Trying to Get Ahead of the Fed Could Be Disastrous for Investors

Sam Stovall  |

Each week, we tap the insight of Sam Stovall, Chief Equity Strategist for S&P Capital IQ, for his perspective on the current market.

EQ: All eyes were focused on the Fed this week as the market braced for the latest FOMC statement and a press conference from Fed Chair Yellen. The market seemed to get the two most important words it was looking for. What’s the implication going forward for the eventual rate hike?

Stovall: First off, I think most of the Fed watchers were thinking that the Fed would remove the “considerable time” phrase, but the Fed decided to keep it in, emphasizing that changes to their monetary policy were going to based on data, not dates

What this tells us is that they’re most likely going to wait to raise rates until after the ongoing economic reports bring them to that conclusion. I think that the implication is that the Fed is in no hurry to raise rates. It also realizes the damage it could do to the U.S. debt level because of all of the debt that the U.S. it currently has will need to be eventually rolled over.

Going forward, I think most people will still be arguing whether the first rate increase will occur in the end of the first quarter in the March meeting where they have a press conference, or wait until the second quarter when they also have a Fed meeting and an accompanying press conference.

EQ: As you noted in this week’s Sector Watch, the expectation for the first rate increase was for late second quarter of 2015. It seems like some are trying to creep that date up a bit to get ahead of the curve. Is this just another example of investors trying to out-anticipate each other?

Stovall: Pretty much. I think the majority of investors realize that the next move for interest rates is most likely to be higher. We can tell the direction it’s going to go, we just can’t tell both the timeframe and the direction. So people are trying to out-anticipate when that timing will actually take place.

If we are within six months of the first rate increase, then the market becomes increasingly vulnerable to a decline of 5% or more. Yet what Fed Chair Yellen may have just done is tell investors that we may actually be further than six months away, so we still have some time at our disposal to utilize these lower rates to help push equity prices higher.

EQ: There are some dangers in jumping the gun and making your moves too early. The six months leading up to and after the first rate hike seems to very a very vulnerable period for the S&P 500. Historically, what have we seen in terms of performance?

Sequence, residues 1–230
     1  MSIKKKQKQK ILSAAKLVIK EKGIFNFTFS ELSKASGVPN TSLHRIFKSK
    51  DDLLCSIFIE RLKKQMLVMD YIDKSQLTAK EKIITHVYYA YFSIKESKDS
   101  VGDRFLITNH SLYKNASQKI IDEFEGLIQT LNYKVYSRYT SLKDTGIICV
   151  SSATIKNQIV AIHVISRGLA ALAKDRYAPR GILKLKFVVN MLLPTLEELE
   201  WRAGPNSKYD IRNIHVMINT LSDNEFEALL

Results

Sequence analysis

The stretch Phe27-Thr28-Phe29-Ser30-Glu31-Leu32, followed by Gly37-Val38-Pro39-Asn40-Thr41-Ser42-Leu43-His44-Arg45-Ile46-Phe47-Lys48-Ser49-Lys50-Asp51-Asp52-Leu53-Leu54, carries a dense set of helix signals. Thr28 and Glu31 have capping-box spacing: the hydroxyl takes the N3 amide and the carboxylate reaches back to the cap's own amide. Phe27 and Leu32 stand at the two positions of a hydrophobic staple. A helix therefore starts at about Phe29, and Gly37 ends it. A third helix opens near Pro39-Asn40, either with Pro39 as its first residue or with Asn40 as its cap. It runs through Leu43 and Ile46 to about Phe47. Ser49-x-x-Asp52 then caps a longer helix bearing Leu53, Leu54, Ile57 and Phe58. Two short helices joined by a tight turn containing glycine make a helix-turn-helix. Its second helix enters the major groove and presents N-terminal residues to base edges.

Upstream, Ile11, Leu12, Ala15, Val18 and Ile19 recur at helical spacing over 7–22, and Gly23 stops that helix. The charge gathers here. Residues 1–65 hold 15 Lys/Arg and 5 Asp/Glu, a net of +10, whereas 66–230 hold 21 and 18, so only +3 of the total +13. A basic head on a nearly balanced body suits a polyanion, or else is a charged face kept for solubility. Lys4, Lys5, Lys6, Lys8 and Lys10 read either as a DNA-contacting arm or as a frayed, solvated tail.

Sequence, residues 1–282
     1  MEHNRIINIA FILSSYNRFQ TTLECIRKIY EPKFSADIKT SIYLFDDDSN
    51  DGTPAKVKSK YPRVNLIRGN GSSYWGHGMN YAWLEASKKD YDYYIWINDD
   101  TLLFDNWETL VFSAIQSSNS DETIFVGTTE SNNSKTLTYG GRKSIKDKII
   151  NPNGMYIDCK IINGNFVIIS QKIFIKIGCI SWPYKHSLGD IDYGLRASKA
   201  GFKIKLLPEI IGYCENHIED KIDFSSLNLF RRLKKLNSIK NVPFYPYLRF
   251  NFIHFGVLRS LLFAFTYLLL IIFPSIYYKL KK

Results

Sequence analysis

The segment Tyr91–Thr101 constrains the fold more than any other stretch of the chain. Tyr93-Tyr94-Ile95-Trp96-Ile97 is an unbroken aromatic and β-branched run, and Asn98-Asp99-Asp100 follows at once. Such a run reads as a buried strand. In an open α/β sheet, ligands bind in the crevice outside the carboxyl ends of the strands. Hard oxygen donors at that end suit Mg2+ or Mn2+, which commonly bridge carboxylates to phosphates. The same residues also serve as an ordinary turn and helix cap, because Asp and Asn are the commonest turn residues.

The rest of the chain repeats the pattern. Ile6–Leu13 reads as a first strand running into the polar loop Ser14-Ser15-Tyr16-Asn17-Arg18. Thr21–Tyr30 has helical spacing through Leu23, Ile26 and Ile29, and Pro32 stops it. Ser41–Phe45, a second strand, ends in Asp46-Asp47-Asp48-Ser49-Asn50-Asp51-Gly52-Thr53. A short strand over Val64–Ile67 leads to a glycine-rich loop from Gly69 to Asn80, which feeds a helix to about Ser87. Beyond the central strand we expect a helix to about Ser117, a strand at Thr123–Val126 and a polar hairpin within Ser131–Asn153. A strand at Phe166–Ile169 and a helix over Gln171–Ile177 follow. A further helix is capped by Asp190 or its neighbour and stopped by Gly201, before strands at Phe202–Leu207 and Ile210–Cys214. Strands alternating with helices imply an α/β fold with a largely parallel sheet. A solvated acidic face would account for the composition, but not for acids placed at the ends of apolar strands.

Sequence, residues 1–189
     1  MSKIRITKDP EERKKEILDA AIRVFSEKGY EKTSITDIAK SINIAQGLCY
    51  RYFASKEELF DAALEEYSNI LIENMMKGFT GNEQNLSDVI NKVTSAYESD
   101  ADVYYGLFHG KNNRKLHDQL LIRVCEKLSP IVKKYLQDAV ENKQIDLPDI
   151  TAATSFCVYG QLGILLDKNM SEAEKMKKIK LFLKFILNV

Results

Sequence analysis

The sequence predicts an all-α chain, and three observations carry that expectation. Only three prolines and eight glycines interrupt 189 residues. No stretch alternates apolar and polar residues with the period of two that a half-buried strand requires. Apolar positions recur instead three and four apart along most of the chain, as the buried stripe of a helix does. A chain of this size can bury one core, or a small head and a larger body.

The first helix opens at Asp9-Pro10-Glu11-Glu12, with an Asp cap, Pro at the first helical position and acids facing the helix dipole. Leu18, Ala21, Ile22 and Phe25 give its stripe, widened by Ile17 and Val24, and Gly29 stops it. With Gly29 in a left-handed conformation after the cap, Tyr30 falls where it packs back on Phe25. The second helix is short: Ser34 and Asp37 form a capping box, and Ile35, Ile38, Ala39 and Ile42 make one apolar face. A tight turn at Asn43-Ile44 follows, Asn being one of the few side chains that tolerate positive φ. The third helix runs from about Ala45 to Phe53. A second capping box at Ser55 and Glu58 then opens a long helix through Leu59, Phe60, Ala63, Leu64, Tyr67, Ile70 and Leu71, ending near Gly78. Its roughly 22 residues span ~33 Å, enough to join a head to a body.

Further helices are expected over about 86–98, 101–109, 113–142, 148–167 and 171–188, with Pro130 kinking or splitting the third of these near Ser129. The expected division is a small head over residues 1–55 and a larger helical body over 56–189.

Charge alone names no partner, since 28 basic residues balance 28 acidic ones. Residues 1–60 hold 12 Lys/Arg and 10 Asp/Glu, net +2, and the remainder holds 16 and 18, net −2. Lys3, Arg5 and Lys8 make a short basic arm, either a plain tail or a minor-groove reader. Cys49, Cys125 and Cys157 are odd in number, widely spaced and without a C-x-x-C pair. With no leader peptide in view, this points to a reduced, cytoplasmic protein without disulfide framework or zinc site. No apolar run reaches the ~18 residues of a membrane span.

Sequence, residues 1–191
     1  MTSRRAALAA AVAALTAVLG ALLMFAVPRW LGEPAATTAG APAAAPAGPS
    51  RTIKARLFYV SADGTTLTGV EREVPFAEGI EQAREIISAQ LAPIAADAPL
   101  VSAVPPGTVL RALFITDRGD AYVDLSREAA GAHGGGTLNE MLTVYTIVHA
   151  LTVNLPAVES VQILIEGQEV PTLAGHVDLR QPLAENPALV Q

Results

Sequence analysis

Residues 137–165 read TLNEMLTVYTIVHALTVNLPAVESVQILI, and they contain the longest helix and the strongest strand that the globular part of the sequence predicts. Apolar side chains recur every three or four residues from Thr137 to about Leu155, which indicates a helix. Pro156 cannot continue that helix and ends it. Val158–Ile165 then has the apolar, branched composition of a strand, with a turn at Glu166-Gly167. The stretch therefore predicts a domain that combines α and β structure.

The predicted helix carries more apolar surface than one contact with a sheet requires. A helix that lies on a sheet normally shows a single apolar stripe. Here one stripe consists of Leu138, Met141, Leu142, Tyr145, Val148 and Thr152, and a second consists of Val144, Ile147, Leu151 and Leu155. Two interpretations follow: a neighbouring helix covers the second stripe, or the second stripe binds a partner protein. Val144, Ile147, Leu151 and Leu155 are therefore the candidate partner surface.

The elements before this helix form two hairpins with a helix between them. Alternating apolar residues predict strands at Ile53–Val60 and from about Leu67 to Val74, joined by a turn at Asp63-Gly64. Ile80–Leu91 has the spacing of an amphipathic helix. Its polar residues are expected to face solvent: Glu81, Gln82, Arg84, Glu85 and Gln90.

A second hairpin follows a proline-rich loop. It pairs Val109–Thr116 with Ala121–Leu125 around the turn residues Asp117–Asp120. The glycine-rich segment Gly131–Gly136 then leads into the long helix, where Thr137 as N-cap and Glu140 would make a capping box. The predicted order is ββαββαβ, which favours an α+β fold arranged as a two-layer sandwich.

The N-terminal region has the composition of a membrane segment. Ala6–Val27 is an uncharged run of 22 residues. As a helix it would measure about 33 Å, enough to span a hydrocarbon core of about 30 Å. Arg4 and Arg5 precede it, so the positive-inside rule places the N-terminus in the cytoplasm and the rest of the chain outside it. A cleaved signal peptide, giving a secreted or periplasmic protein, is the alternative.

Stovall: What I found was that in the six months leading up to the first Fed rate increase was the time in which the market was most vulnerable. We had 16 times since World War II that the Fed engaged in a rate-tightening cycle, and in 13 of those 16 times, the market went through a decline of 5% or more with an average of just above 16%.

So the decline didn’t fully occur within that six-month period, but a topping out and beginning of a pullback or correction started within that six-month period and did not conclude until after the Fed started to raise interest rates.

I think it implies that the closer we get to the first rate increase, the higher the likelihood that the market will undergo a meaningful decline. Also, it’s important to remember that we’ve gone 36 months without a decline of 10% or more, which is three times the median timeframe and twice the mean. So no matter which way you look at it, we’re overdue.

EQ: In that sense, is the market set up like a spring where we’re wound very tight because of that extended period without a pullback or correction?

Stovall: I think what it shows is that it’s like pulling back on a crossbow or winding a spring—or whatever analogy you use—but basically the longer you go, the tighter the wind, and therefore the stronger the reaction. So that is a big concern because the four times since WWII where we went longer than the current 36 months, three of those four times the market fell into a new bear market rather than simply undergoing a regular correction.

EQ: How should investors approach this period in the market with regards to preserving their portfolio or even potentially benefiting from it?

Stovall: What investors need to do is to realize that interest rates are very low right now. There are relatively few alternatives to equities because earnings continue to climb, inflation remains low, and therefore forward equity growth expectations remain fairly elevated. In addition, higher rates do tend to be a negative for gold, and commodities in general go through a declining period, so I would be telling investors to not try to jump the gun or try to anticipate when the Fed is actually going to raise rates because it might end up being a very long time.

Interest rates could remain low for quite some time because even if the Fed does start to raise rates, our long bond rates are likely to remain low as the yield on the 10-year note still looks vastly more attractive than the yield on similar foreign bonds. In general, I would say that we are likely to be in a low-interest rate environment for quite some time, so don’t give up on the gains that you are likely to be receiving.

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DISCLOSURE: The views and opinions expressed in this article are those of the authors, and do not represent the views of Readers should not consider statements made by the author as formal recommendations and should consult their financial advisor before making any investment decisions. To read our full disclosure, please go to:



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